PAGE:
Thursday, 24 September 2015

"chemical bath" artists: Ladislav Viszoczky

Ladislav Viszoczky is an artist from the Czech Republic specialising in oil printing, a contact print process - predating bromoil - which requires the negative to be the same size as the final print. It was patented by Alphonse Poitevin in 1855, who discovered the light sensitivity of gelatin mixed with dichromate; the method became popular with Pictorialists. Oil prints are usually made on watercolour paper and, depending on the surface of the paper chosen by the artists, different effects can be achieved. (You can find some interesting facts about history of oil printing on this page, which is where the above info comes from)

In his work, Ladislav focuses mostly on landscapes, waterscapes and rural scenes; the printing technique he uses give them the texture and hue of old illustrations that some of us may remember from their childhood books. The graininess, and sometimes coarse, and sometimes smooth blending of colours - greys and sepias, give Ladislav's photos a unique feel. Many of his photographs portray a tiny village, whose stillness, beauty and atmosphere are perfectly captured through the use of oil print. In other images, Ladislav uses the technique to render the dynamism of water and the slightly bleak atmosphere of the stormy sea, or the eeriness of abandoned buildings.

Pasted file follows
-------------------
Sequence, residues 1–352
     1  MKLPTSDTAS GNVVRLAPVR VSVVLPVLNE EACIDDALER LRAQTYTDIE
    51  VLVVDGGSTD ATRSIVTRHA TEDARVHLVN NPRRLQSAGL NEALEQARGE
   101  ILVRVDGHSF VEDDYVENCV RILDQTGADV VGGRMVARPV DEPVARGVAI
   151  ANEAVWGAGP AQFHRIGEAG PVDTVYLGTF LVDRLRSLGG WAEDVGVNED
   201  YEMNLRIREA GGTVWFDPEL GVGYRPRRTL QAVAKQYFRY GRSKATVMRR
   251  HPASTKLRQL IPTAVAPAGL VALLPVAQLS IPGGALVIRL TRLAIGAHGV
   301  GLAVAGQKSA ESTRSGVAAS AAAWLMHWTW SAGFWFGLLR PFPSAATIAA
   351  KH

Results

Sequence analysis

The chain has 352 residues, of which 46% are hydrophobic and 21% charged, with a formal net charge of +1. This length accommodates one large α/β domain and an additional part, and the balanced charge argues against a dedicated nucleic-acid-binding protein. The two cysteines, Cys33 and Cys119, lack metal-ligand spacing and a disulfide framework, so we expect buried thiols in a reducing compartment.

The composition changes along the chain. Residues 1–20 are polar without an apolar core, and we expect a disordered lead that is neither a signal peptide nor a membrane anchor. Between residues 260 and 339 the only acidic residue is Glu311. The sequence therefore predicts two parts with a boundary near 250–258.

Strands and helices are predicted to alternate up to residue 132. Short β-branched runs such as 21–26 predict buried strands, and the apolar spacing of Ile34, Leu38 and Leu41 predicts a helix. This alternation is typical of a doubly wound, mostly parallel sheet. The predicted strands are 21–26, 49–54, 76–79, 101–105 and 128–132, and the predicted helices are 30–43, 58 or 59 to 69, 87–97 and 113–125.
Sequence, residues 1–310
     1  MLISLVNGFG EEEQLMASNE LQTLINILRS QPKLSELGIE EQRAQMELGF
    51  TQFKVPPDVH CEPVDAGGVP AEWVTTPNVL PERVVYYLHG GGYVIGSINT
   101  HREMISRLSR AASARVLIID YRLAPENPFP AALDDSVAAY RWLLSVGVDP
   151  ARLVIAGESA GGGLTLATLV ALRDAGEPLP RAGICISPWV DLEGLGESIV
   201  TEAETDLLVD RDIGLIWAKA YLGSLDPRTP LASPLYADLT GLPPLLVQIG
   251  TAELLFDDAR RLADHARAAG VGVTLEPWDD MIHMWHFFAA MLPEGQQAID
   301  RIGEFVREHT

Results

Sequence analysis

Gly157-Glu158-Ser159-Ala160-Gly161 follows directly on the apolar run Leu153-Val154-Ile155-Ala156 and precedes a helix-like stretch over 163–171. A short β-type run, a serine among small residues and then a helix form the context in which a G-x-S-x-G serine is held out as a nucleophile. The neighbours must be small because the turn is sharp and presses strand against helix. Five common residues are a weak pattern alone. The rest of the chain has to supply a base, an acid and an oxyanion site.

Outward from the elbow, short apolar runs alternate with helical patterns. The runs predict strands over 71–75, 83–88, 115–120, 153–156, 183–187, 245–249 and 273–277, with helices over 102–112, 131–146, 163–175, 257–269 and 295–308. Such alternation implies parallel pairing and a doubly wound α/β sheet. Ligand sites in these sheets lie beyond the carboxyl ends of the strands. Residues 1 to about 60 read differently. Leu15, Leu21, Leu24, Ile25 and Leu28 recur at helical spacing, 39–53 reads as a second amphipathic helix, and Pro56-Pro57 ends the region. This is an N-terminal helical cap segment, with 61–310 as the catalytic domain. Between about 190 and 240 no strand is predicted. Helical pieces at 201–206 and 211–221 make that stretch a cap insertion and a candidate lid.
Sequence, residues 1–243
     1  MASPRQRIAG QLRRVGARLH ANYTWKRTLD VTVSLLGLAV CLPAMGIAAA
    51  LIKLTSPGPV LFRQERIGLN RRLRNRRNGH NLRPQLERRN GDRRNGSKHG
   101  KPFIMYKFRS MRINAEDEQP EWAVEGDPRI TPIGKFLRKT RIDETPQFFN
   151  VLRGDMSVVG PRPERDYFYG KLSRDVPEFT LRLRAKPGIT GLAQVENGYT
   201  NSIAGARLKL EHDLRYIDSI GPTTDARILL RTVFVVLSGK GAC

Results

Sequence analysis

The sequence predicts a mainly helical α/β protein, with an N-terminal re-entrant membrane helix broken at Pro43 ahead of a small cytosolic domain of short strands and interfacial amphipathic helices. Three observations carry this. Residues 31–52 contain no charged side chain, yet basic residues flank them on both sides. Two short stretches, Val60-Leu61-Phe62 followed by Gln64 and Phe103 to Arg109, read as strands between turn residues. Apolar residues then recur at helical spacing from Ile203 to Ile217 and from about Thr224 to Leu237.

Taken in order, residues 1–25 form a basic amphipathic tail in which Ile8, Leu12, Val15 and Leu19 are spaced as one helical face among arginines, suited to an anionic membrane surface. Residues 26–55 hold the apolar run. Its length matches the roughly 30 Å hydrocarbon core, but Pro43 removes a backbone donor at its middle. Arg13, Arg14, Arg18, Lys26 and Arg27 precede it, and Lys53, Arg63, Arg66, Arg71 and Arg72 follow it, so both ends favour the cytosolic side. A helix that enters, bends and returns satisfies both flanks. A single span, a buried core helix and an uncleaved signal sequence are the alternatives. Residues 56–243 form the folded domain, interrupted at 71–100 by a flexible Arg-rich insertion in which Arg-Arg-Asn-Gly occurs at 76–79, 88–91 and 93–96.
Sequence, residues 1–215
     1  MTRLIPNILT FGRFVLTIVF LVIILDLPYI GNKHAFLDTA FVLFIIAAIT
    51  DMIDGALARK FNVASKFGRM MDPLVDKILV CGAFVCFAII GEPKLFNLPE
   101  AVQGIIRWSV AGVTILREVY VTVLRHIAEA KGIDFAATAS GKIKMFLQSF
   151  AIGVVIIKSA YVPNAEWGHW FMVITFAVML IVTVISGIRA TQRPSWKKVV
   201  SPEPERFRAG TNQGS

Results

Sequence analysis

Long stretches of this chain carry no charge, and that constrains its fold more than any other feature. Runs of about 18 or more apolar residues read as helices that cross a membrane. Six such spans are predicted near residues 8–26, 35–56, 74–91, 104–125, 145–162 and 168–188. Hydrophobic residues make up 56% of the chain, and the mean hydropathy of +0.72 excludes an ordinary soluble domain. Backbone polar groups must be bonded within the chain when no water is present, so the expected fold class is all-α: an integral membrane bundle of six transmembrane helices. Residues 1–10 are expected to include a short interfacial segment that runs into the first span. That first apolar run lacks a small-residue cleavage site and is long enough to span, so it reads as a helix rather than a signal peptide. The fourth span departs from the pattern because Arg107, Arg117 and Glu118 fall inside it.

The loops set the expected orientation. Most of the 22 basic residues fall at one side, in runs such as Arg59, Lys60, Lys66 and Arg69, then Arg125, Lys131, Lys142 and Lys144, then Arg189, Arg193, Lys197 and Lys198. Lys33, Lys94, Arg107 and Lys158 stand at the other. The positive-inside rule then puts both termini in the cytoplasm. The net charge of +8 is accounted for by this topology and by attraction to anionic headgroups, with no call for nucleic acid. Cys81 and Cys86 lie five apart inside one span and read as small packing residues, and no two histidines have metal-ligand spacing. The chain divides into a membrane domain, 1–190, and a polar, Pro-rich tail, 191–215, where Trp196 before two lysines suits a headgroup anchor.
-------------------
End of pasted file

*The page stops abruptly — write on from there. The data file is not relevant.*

You can find more of Ladislav's images on flickr

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